Stop signs being replaced with yield signs at railroad crossings

Yield signs such as this one will begin to replace stop signs at railroad crossings in Idaho.

Traditional red stop signs are being replaced with yield signs throughout Idaho at railroad crossings to be consistent with the signage in the rest of the United States.

The Idaho Transportation Department announced the transition in a news release Oct. 11. The stop signs will be replaced at passive crossings. ITD defines passive crossings as those “without safety features such as flashing red lights or a crossing gate that blocks the approach to railroad tracks.”

ITD reports that, when approaching a crossing that has the yield sign, drivers should slow down, look both ways, look for train lights at night and listen intently for sounds of an approaching train. Drivers should only proceed across the tracks when it is safe to do so.

“One of the Idaho Transportation Department’s main goals is driver safety,” ITD traffic engineer Kevin Sablan said in the release. “We want to make sure drivers are aware of this change taking place at railroad crossings. They should exercise caution, obey the speed limit and be prepared to stop if a train is approaching.”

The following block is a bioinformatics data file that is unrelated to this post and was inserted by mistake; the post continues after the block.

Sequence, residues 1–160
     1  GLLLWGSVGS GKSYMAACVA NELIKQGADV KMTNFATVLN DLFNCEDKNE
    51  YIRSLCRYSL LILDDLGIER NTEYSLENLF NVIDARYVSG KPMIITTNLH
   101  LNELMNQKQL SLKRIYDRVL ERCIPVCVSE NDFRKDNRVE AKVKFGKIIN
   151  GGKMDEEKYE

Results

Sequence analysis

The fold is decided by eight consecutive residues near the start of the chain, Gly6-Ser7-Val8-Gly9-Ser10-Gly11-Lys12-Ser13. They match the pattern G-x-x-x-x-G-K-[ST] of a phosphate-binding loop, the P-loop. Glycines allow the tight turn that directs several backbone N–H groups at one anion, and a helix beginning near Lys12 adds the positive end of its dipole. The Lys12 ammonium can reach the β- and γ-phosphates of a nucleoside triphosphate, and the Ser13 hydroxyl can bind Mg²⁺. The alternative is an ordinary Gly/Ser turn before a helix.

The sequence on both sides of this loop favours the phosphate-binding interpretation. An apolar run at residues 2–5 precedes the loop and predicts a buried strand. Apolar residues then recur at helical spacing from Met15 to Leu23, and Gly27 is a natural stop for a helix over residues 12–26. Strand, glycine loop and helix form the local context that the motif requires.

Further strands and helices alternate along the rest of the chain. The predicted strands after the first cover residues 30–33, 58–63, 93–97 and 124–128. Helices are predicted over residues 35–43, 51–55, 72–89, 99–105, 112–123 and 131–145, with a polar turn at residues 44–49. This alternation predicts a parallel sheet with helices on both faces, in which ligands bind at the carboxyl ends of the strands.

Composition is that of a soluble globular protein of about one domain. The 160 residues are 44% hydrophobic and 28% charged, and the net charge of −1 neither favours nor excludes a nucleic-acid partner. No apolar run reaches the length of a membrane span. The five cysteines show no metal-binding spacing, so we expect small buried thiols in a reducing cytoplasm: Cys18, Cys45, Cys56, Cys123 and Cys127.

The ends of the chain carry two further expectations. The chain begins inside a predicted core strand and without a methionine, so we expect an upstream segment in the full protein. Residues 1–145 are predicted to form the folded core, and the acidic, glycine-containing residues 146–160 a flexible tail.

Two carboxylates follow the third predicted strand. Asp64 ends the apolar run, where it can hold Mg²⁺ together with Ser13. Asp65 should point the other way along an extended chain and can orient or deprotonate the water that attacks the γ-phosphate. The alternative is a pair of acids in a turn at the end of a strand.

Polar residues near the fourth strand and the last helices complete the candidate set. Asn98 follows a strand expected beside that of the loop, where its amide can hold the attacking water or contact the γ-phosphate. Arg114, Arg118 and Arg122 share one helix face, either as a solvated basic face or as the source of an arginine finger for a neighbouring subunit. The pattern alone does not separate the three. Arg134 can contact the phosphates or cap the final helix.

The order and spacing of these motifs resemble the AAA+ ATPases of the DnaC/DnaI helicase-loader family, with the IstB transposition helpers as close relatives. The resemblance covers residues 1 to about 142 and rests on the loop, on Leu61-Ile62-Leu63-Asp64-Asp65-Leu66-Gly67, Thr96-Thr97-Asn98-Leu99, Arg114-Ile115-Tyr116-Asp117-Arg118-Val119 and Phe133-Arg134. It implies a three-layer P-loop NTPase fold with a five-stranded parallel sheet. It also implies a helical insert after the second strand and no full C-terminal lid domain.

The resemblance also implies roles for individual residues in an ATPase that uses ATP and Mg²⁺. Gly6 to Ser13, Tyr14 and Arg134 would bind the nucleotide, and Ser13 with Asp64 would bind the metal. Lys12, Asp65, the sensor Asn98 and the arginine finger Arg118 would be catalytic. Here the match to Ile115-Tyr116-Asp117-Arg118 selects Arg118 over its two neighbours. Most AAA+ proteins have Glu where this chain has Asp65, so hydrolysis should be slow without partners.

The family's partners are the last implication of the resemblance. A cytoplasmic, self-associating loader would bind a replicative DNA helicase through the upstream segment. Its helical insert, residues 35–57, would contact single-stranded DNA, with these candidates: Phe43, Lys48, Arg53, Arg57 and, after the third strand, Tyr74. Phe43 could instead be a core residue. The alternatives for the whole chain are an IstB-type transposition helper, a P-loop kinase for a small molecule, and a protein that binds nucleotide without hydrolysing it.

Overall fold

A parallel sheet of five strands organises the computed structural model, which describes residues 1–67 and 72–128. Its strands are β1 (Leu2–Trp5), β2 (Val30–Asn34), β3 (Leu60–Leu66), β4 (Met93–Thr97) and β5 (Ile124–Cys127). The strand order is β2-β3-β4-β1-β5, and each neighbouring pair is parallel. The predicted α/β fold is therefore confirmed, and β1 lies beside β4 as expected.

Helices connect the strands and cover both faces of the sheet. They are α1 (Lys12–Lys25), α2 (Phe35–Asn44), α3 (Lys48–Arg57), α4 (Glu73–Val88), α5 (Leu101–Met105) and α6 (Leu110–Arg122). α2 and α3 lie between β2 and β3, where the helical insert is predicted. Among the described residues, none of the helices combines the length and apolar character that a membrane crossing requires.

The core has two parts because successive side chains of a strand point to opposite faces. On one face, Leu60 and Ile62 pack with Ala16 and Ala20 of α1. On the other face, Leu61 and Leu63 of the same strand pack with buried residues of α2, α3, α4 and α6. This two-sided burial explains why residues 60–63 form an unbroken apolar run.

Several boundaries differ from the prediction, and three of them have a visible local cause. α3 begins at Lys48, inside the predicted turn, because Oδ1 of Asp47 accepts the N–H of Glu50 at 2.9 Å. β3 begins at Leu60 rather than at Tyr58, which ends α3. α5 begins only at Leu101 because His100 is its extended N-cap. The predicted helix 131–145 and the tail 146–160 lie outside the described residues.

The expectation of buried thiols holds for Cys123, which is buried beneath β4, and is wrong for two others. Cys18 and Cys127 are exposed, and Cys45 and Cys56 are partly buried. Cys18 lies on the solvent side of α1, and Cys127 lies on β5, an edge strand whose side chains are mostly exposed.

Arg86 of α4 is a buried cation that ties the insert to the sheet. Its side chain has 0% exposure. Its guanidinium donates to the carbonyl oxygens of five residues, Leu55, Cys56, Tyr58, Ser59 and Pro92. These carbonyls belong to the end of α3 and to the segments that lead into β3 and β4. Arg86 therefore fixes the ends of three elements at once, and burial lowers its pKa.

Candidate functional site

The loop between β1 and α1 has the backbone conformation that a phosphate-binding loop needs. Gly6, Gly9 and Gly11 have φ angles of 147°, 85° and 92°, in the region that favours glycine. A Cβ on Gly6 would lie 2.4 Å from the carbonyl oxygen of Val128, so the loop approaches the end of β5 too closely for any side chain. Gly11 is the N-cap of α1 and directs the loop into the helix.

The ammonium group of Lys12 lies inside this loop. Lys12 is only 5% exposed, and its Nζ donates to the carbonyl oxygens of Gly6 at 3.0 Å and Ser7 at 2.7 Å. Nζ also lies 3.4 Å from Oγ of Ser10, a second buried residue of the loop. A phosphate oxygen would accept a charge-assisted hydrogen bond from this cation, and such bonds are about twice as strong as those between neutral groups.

In Jefferson County, a total of 41 stop signs are slated to be replaced — 10 in Roberts, four in Hamer, seven in Rigby, six in Ririe, eight in Lewisville and six in Menan. In Clark County, seven stop signs are to be replaced — four in Dubois and three in Spencer.

Not all stop signs will necessarily be replaced. If a local road agency conducts an engineering study, and the results of that study support a stop sign instead of a yield sign, a stop sign may remain.

According to ITD, the switch from stop signs to yield signs is being done by the railroad company that owns the rail line. Railroad companies are working to complete the sign change at crossings by Dec. 31.

Idaho has over 1,450 railroad crossings in urban and rural areas. Out of those, ITD announced 865 will be impacted by the sign change.

For more information on safety at railroad crossings, visit